PAUL HSU (Dr Khaled Greish and Dr Sebastian Taurin, Department of Pharmacology & Toxicology)
Use of nanotechnology for oral delivery of targeted anti-cancer drugs
(Lions Club of Dunedin South Scholar)
Oral chemotherapy is the preferred treatment of patients and offers several advantages over intravenous administration of chemotherapeutic drugs. However, gastrointestinal (GI) toxicity and low oral bioavailability often limit the use of anti-cancer drugs via the oral route. This may be overcome by use of nanoparticles that encapsulate the drug to minimise contact with the GI wall and preferentially accumulate drug concentration at the tumor site. To date there are no approved nanoparticles in oral chemotherapy, thus here we aim to explore the potential of the SMA-paclitaxel nanoparticle construct in increasing bioavailability and antitumor efficacy.

MARK HUANG (Dr Harry Bradshaw and Associate Professor Gordon Sanderson, Department of Medicine)
Risk of rhegmatogenous retinal detachment in patients with various degrees of shortsightedness in New Zealand
(J.A. Iverach Scholar)
Rhegmatogenous retinal detachment (RRD) is a medical emergency that, if untreated, can progress to visual impairment and blindness. High myopia has been found to be a significant risk factor for RRD and the risk for developing RRD is associated with a patient’s refractive error. The aim of the research is to investigate the prevalence and degree of refractive error in patients presenting with RRD in New Zealand using a multi-centre, retrospective study. From this data we hope to estimate RRD risk in people with refractive error in New Zealand and correlate the risk with the degree of myopia.

IUN KAO (Dr Greg Walker, School of Pharmacy, and Dr Michelle McConnell, Department of Microbiology & Immunology)
Antimicrobial textile made from wine waste extracts

(Otago Medical Research Foundation Scholar)
Wine waste extracts containing a high amount of compounds called polyphenols have been shown to kill bacteria. The aim of this project is determine whether we can incorporate these bioactives into a nanofiber textile which can then release these actives slowly over time to kill bacteria. We will make the bioactive nanofiber textile by electrospinning a solution of polymer and wine waste extracts together. Using a chemical assay for polyphenols we will measure the release of the bioactive compounds over time. These textiles will be put in contact with bacteria in the laboratory to see if they can kill the bacteria.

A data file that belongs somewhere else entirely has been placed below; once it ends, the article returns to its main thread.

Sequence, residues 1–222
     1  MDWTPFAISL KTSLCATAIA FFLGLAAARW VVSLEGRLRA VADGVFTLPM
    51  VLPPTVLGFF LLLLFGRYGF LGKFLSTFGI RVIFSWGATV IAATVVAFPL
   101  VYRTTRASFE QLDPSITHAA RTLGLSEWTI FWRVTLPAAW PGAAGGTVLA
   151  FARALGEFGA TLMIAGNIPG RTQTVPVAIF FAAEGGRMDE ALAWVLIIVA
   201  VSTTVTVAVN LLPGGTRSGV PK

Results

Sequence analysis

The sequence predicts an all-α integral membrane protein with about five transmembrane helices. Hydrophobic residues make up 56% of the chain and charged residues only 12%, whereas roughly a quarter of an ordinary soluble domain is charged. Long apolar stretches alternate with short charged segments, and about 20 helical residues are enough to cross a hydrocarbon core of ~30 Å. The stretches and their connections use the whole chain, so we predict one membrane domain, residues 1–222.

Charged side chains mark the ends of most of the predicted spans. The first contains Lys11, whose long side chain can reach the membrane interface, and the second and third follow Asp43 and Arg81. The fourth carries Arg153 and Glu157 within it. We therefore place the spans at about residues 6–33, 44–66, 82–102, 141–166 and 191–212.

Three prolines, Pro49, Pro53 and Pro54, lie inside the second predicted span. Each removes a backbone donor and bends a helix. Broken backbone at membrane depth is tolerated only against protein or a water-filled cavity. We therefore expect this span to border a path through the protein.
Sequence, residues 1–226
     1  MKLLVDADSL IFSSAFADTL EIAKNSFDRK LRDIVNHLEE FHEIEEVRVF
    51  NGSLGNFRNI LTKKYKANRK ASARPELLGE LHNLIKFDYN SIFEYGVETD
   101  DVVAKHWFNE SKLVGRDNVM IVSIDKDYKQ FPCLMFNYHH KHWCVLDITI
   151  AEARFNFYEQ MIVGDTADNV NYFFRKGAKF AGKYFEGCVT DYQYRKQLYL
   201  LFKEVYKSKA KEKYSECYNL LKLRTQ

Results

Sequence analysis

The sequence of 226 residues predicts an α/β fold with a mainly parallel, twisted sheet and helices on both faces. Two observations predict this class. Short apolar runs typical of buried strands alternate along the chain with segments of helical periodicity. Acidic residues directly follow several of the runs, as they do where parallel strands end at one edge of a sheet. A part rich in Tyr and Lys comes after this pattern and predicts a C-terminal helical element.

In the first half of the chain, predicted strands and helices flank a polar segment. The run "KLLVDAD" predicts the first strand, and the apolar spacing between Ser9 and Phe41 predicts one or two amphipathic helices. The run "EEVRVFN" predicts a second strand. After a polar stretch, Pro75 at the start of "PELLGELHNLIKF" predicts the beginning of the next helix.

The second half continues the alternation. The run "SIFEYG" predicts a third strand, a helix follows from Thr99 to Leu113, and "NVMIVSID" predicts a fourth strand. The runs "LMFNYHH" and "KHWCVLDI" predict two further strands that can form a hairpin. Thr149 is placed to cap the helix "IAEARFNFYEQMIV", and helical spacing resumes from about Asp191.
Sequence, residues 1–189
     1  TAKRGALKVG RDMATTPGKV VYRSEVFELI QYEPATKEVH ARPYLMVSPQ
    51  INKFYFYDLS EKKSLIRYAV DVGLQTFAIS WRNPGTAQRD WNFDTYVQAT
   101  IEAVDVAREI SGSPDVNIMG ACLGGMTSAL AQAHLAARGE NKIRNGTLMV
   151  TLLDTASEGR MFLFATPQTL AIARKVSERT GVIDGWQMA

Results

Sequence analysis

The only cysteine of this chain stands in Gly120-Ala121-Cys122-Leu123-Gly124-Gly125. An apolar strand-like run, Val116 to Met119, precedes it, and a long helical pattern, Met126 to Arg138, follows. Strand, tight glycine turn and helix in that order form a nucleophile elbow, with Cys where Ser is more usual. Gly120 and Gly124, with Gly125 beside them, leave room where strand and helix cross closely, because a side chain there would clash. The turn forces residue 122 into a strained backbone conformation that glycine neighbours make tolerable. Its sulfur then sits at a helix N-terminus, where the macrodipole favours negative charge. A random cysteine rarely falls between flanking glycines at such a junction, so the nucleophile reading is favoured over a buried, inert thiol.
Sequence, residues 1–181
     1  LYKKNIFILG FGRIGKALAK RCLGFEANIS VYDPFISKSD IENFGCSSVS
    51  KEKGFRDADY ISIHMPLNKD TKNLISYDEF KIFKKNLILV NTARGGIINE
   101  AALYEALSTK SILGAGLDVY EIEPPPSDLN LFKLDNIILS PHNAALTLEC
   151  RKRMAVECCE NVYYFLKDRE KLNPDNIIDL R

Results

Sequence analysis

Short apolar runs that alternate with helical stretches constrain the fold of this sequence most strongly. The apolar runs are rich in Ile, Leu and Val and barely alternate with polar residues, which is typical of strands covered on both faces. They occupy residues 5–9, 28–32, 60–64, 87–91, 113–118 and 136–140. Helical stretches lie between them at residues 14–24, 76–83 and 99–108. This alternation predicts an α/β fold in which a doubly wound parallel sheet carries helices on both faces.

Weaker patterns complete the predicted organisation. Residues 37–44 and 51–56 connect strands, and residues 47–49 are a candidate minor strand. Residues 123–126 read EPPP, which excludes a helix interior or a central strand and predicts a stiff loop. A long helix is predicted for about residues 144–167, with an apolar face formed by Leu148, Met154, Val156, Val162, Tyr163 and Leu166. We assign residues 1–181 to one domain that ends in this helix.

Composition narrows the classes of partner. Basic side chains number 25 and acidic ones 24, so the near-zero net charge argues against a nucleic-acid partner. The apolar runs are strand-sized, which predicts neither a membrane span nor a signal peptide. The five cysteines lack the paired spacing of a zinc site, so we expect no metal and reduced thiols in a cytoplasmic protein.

JOANNE LEE (Dr Joanna Kirman, Department of Microbiology & Immunology)
Development of a test to measure memory immune responses to tuberculosis (TB)
(Pub Charity Scholar)
Mycobacterium tuberculosis is the causative agent of tuberculosis (TB), a disease that infects and kills millions of people every year. The only vaccine available does not work well to protect against TB of the lung, which is the most common form of TB. In order to develop a better vaccine we need to understand the immune populations that can recall and fight the infection effectively. As part of this effort in this project we plan to develop a test to accurately measure the features and functions of the recall (or memory) immune cells that develop after TB vaccination.

IVOR MALAHAY (Associate Professor Fiona McDonald, Department of Physiology)
Effect of a novel protein on pancreatic secretion
(Pub Charity Scholar)
The secretion of digestive proteins by pancreatic acinar cells is a vital and highly regulated process required for the digestion of food. Defects in secretion may lead to an illness known as pancreatitis. COMMD (Copper Metabolism MURR1 Domain containing) proteins are a family of recently discovered proteins known to have a diverse role in cellular regulation including protein secretion. One of those proteins, COMMD10, is thought to have an effect on pancreatic protein secretion. This project aims to determine how COMMD10 regulates the secretion of proteins by pancreatic acinar cells.

KATE McELROY (Lara Friedlander, Suzanne Hanlin and Dr Claire Cameron, School of Dentistry)
Evaluation of direct pulp capping of permanent teeth in general practice – A PBRN study
(Southern Trust Scholar)
Practice Based Research Networks (PBRNs) are internationally recognised in bridging the research gap between general practice and universities. This study launches our recently developed ARCH (Applied Research through Clinician’s Hands) dental PBRN in New Zealand. Direct pulp capping is a conservative approach for the management of pulp exposures and this project will investigate this treatment and its application in general dental practice. A survey will be sent to practitioners who have previously expressed interest in joining the ARCH PBRN with the objective of gaining information around the understanding and management of pulp exposures in general practice, and to inform future dental PBRN projects (on the ease of data collection in private dental practice).